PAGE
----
“I came up with something in April that I started working on which was not trying to throw the ball as — every time I struggle, it’s my body that’s been leaking and my arm can’t catch up,” Light said. “Me and [Pawtucket pitching coach Bob Kipper] Kip sat down in Triple-A and tried to figure out what the issue was and tried to figure out a solution to it. We kind of figured out something mentally, a little click in my head that gets me going. I was able to work through that, got that started right before I debuted. Wasn’t quite there yet. And then after that, since then it’s gotten better and better and I’ve been able to get on a little bit of a roll down in Pawtucket.”

The performance, and the mindset, certainly seem a long way from when his first go-round with the Red Sox. During that brief sting, Light gave up two runs over an inning against the Braves.

“Last time when I got the call, it wasn’t quite as, ‘Oh my God, I’m going to the big leagues.’ It was more, ‘Let’s go do it, see if I can put together a few outings and start playing well up here,” he said.

“He’s commanding his fastball much better,” said Red Sox manager John Farrell. “At least he’s had the first adrenaline rush of the big leagues out of the way while in Atlanta. Rather than getting back into a count with his split, he’s been able to put hitters away with it. That’s been the biggest key for him. Looking forward to that being on display here.”

John Farrell explains bullpen usage at end of blowout 06.28.16 at 12:13 am ET
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John Farrell

John Farrell

ST. PETERSBURG, Fla. — According to Red Sox manager John Farrell, he was out of options.

With the bullpen having to pitch 18 of the Red Sox’ hurlers 33 innings on the current road trip, with Monday night’s starter Eduardo Rodriguez going just 2 2/3 innings in the what turned into a 12-7 loss to the Rays, the relieving situation got a bit uncomfortable for the Sox’ manager.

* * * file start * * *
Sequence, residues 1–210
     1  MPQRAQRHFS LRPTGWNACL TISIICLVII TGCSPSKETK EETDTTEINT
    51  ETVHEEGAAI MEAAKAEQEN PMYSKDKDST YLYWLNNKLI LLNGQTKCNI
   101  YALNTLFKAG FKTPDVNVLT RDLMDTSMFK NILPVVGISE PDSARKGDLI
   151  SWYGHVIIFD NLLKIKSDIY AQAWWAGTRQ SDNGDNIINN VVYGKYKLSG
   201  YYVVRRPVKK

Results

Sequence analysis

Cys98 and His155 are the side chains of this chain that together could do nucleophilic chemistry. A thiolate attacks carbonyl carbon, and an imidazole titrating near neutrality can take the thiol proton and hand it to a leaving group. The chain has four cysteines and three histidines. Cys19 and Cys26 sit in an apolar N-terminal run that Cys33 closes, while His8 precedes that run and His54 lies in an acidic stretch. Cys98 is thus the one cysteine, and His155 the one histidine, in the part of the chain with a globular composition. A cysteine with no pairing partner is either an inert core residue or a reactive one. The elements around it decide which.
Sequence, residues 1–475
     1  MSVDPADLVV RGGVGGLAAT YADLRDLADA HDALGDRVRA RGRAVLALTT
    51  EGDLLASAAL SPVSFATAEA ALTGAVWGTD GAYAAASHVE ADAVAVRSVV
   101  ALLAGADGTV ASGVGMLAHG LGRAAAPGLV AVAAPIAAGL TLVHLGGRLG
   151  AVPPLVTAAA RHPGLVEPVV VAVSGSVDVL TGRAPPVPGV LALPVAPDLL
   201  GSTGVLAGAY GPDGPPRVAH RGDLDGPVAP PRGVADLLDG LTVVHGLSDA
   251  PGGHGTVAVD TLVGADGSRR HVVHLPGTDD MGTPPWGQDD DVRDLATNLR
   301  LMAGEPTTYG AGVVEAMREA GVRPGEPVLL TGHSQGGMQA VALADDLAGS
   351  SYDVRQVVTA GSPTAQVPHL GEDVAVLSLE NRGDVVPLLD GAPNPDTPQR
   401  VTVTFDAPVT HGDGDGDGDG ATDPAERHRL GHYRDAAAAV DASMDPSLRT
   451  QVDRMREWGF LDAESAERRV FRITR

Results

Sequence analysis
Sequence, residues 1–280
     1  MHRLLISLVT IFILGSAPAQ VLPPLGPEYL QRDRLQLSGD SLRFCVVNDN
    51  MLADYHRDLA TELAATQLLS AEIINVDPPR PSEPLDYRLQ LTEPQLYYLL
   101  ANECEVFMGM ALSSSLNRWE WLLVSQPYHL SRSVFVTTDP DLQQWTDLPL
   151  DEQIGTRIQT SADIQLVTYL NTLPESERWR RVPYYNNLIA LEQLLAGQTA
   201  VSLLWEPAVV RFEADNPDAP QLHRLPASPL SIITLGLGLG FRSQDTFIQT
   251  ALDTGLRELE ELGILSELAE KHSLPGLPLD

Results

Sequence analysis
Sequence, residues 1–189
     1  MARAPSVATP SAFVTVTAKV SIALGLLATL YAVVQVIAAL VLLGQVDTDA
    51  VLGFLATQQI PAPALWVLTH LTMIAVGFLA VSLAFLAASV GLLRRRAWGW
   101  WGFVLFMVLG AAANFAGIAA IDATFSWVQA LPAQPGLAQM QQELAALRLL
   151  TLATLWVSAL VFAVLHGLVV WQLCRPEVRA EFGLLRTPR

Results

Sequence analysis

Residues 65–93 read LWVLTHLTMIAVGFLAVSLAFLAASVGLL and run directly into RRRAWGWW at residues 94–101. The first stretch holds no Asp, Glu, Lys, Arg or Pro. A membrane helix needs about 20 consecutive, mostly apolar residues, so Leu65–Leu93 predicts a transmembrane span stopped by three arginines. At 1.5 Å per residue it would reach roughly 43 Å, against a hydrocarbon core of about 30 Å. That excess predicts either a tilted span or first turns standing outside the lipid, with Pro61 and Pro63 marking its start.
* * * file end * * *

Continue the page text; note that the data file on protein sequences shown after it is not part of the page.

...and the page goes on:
Farrell was forced to bring in each of his high-leverage relievers — Junichi Tazawa, Koji Uehara and Craig Kimbrel — for an inning each. Tazawa ended up throwing 17 pitches, while Uehara and Kimbrel each finished tossing 26.

Prior to the trio, Robbie Ross Jr. went 1 1/3 innings, while Tommy Layne also pitched an inning.

“We had five innings, max, out of the bullpen tonight,” Farrell explained. “That’s a game typically when we’re not going to see those guys come to the mound. On a night when [Matt] Barnes was still a little sore, Heath Hembree, there was no way he was able to get to the mound, guys who have been giving us multiple innings, that’s why Eddie [Rodriguez] was still on the mound when he was, trying to get as many innings as possible, even in a situation where we’re down. Unfortunately, we had to turn to everyone to get through the eighth inning.

Farrell added, “Koji and obviously Craig had not pitched since Friday. Three days down, or hadn’t pitched in three days, it was a chance to get him to the mound. Yeah, you don’t like to see him throw 20-plus pitches.”

While Tazawa didn’t allow a run, Uehara surrendered a two-run blast off the bat of Nick Franklin. Kimbrel also gave up a run on three hits.

After the game the Red Sox optioned Rodriguez, who allowed nine runs on 11 hits, to Triple-A Pawtucket, most likely opening the door for the promotion of another reliever for Tuesday.

Dustin Pedroia on conversation with Eduardo Rodriguez: ‘I was talking to him about baseball’ 06.27.16 at 11:52 pm ET
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ST. PETERSBURG, Fla. — The conversation was there for everyone to see, and seemingly offered a microcosm of the Red Sox’ frustrations.

During a third-inning mound visit Monday night, Dustin Pedroia could be seen having a pointed conversation with struggling starting pitcher Eduardo Rodriguez.

After the game, the second baseman predictably downplayed the exchange.

“What did I say to Eddie? Do you honestly think I’m going to tell you that? I was talking to him about baseball,” Pedroia said after the 13-7 loss to the Rays. “I talk to all my teammates, every day. That’s about it.”